In Depth

Losses, lessons learned for Jorge Pérez

On a recent sunny afternoon, Jorge Pérez dug a shovel into the dirt and tossed a ceremonial clump.

“We’re changing Miami,” he said at the groundbreaking for the SLS Brickell, a project with about 450 condo units and 133 hotel rooms. “It really makes me proud that we are adding this to the skyline.”

The next week, Pérez celebrated the opening of MyBrickell, a smaller building that represents the first new condo tower in downtown Miami since the real estate crash that nearly decimated Related Group of Florida, where he is chairman and CEO.

“When you finish a job and it does what it’s supposed to do, it’s a great, great feeling,” said the developer, almost giddy as he mingled in a gray suit and orange tie that matched the building’s bright decor.

With more than a billion dollars in losses behind him — and costly lessons learned — Pérez and his company have entered a new cycle. And, for a change, the 64-year-old “Condo King” is trying not to be in charge of everything.

“I don’t know if I”m really good at it yet, but I think I’m better at giving other people responsibilities and letting them take the ball and not really be micromanaging as much as I used to,” he said. “Before, I was involved in everything, every detail. I would go to every job, every week. Now I depend on people a lot more. And I want to do that.”

The economic crash — a personal and professional blow — and a major health scare flattened Pérez and Related in 2009, prompting him to examine the way his company did business as well as his own priorities and eventual legacy.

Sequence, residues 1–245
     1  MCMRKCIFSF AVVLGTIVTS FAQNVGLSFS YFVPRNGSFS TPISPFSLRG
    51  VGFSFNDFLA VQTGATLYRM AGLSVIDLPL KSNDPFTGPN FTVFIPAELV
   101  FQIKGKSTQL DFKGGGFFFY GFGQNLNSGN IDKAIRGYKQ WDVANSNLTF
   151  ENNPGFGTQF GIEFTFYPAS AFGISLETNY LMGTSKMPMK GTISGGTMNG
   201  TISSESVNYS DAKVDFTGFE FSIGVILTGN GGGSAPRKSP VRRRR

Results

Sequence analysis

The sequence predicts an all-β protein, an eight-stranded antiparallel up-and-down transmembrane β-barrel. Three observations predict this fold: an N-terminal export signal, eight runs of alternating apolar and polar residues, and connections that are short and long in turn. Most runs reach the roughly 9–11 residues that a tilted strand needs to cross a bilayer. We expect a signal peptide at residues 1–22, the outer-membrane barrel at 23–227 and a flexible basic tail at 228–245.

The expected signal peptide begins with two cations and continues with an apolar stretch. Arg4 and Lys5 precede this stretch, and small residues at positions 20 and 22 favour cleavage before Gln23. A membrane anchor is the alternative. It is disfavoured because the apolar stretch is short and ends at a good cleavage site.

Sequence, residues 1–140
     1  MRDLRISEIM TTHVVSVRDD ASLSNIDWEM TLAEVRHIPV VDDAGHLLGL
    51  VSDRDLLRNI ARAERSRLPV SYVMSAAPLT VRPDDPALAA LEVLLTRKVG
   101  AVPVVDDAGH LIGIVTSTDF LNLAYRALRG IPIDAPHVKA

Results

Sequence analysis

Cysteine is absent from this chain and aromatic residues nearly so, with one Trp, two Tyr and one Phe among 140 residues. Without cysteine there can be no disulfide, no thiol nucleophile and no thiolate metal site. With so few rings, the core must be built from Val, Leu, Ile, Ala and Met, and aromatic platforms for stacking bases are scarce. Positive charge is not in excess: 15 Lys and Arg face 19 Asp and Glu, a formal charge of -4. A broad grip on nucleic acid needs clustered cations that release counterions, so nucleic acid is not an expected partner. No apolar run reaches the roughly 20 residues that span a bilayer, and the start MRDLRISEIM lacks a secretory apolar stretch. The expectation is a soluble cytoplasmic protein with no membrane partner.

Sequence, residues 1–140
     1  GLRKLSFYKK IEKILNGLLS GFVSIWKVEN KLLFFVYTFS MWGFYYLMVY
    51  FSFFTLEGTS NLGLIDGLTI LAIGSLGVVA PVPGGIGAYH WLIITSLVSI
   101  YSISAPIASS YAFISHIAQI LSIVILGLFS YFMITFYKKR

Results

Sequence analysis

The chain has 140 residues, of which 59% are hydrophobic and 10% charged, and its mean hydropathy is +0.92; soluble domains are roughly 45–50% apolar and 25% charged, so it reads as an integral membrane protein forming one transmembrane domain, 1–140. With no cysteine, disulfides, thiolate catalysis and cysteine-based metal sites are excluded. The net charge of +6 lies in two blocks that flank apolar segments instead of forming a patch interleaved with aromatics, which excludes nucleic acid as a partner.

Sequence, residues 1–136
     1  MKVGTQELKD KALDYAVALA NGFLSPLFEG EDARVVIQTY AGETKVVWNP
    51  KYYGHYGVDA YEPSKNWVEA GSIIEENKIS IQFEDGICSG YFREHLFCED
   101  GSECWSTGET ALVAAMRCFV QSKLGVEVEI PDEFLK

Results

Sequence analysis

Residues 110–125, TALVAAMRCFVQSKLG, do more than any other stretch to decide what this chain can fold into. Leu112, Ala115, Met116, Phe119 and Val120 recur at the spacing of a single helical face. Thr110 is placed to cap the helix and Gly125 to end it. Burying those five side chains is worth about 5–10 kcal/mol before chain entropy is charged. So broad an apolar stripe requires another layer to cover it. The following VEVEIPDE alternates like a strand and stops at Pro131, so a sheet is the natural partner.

In the years that followed, the art collector donated $40 million in cash and art to the Miami Art Museum, which now bears his name; publicly pledged to donate half his wealth to charity; restructured his company to rely less on profitable but risky condos and stayed mostly unplugged during a month-long vacation. The mass that was discovered on his pancreas more than four years ago turned out to be benign, and after recovering from surgery to remove it, Pérez has returned to an active schedule of tennis and other exercise five or six times a week (and, he admits, occasional overeating).

“I have thought of legacy a lot more, about giving back a lot more, philanthropy, about family and friends a lot more, about spending more quality time doing things other than work,” Pérez said. “And it’s changed me.”

He retains confidence that his contributions to Miami’s skyline have been transformative. Some observers have pointed out that the change was not always for the better, especially as the company courted speculators who fed into the condo frenzy that preceded Miami’s real estate bust of 2008.

“I think that during the last boom, Mr. Pérez and the Related Group overbuilt the market and overhyped the market and definitely were partially responsible for the overdevelopment and crash in South Florida,” said McCabe Research & Consulting CEO Jack McCabe, an independent housing analyst in Deerfield Beach who has not worked with Related. “Having said that, I would also say I think Mr. Pérez is a very smart man. I think he’s learned his lesson from the last decade.”

Still, the impact of the past several years remains. While Pérez has returned to the Forbes list of the 400 richest Americans since dropping off during the downturn — in 2013 he was at No. 350 with an estimated net worth of $1.55 billion — he acknowledges that neither he nor the company are as wealthy as they once were.

“It’s hard to lose the amount of money that we did and make it back in a couple of years,” he said. “Are we very well off and very strong financially? The answer is yes.”

Born in Argentina to Cuban parents, Pérez said his upbringing in an exile family showed him that everything can be lost in an instant. Especially now, he said, he takes nothing for granted.

“My wife and I pinch ourselves every day because we are so fortunate,” he said of his second marriage, to Darlene Pérez. “Great kids and a great marriage, and just lucky....We enjoy giving back, we enjoy life, we enjoy good restaurants, we’re just some of those lucky people.”